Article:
Saturday, February 12, 2011


I wanted to like The Cemetery Yew: A Martha's Vineyard Mystery more than I did.

The characters were fetching, a dated word which I think describes them perfectly. 

Victoria Trumbull, the 92-year-old constable's deputy (only in a small town!), spends her time having tea and solving murders.  She is rambunctious, an enjoyable character.  And she is smart.  She pulls one special deception which, until she did it, I would never have suspected of her.

The setting of this book, Martha's Vineyard, was both humorous and seemingly true to life.  At one point, the author Cynthia Riggs describes a meeting of the Board of Selectmen. The selectmen were like so many who serve on small town boards I've watched over the years.  I thought the meeting was a hoot.

But I found the plot of this book a stretch, to put it mildly.  It all started when the cemetery sexton tried to dig up a coffin in the local graveyard and couldn't find it.  Supposedly the person buried there is to be moved and reburied in another state. That leads to a story of what might have been hidden in the coffin, and that leads to several murders.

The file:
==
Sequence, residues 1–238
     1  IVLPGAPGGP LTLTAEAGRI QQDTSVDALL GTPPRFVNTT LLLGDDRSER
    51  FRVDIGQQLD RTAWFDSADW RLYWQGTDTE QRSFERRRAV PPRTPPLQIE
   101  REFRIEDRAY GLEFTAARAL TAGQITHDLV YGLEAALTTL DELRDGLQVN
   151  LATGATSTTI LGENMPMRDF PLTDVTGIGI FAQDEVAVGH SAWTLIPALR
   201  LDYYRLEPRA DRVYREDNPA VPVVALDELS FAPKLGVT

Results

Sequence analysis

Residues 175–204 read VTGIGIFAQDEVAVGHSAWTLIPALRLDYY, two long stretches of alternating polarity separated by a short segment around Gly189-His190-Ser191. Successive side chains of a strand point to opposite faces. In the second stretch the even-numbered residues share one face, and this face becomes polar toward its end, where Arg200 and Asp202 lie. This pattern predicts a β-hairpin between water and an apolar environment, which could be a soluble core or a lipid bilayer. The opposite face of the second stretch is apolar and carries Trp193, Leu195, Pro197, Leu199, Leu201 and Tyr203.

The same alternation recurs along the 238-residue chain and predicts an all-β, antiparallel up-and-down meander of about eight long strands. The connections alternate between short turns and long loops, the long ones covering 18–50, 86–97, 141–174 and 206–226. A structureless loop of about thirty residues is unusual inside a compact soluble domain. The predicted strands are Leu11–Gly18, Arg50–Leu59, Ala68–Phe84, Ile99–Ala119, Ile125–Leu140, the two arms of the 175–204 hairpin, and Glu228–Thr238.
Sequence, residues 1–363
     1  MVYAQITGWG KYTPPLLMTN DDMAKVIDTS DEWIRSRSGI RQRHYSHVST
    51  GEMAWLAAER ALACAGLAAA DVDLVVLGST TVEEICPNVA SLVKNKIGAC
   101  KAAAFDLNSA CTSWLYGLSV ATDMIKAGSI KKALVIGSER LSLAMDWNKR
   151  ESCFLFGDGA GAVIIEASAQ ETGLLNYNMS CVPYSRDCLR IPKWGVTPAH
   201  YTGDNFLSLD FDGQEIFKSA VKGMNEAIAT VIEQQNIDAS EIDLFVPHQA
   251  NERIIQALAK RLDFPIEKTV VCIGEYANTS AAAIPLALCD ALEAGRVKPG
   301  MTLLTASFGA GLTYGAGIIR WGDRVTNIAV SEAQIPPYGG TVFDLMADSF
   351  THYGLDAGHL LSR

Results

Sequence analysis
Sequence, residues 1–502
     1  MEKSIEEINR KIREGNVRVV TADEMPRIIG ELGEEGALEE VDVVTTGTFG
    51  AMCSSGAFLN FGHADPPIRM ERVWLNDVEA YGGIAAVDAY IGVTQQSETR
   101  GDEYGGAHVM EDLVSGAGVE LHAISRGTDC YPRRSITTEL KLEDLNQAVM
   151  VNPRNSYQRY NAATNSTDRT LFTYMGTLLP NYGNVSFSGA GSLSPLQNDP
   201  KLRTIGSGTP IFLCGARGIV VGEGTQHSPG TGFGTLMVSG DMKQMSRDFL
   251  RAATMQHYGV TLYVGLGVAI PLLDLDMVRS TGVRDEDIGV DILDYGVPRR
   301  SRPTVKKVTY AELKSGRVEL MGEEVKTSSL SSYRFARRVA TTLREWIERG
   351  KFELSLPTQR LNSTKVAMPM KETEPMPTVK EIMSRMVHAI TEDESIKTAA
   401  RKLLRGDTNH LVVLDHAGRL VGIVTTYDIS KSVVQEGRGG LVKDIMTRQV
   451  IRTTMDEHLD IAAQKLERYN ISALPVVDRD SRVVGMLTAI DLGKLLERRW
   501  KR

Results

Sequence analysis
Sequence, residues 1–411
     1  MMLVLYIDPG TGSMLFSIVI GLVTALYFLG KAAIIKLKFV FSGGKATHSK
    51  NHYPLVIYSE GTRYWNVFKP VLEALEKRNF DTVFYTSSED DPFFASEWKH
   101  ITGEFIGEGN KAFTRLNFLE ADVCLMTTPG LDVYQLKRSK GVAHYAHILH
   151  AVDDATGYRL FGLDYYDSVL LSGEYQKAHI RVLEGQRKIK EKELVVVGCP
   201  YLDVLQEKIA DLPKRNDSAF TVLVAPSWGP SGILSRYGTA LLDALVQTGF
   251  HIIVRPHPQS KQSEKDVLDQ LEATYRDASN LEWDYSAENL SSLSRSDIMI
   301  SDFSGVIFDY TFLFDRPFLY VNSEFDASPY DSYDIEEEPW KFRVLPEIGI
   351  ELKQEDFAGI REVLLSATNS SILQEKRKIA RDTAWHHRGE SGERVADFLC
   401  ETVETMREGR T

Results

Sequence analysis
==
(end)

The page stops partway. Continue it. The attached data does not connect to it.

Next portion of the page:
People are not what they appear to be.  Several of them have connections to the U.S. State Department/CIA. The crime they are trying to carry off comes out of their service there.

All of it is quite fantastic. 

The story has the requisite murders.  It is smoothly and calmly written.  In fact, the writing style was one of joys of the book for me.

The book ends with a neat literary twist.

As I understand it, this is something like the third book in this series.  I liked the book (and especially the character of Victoria Trumbull) enough that, somewhere along the way, I will probably try another one.

I listened to this as an audiobook checked out from the local library over the Internet.

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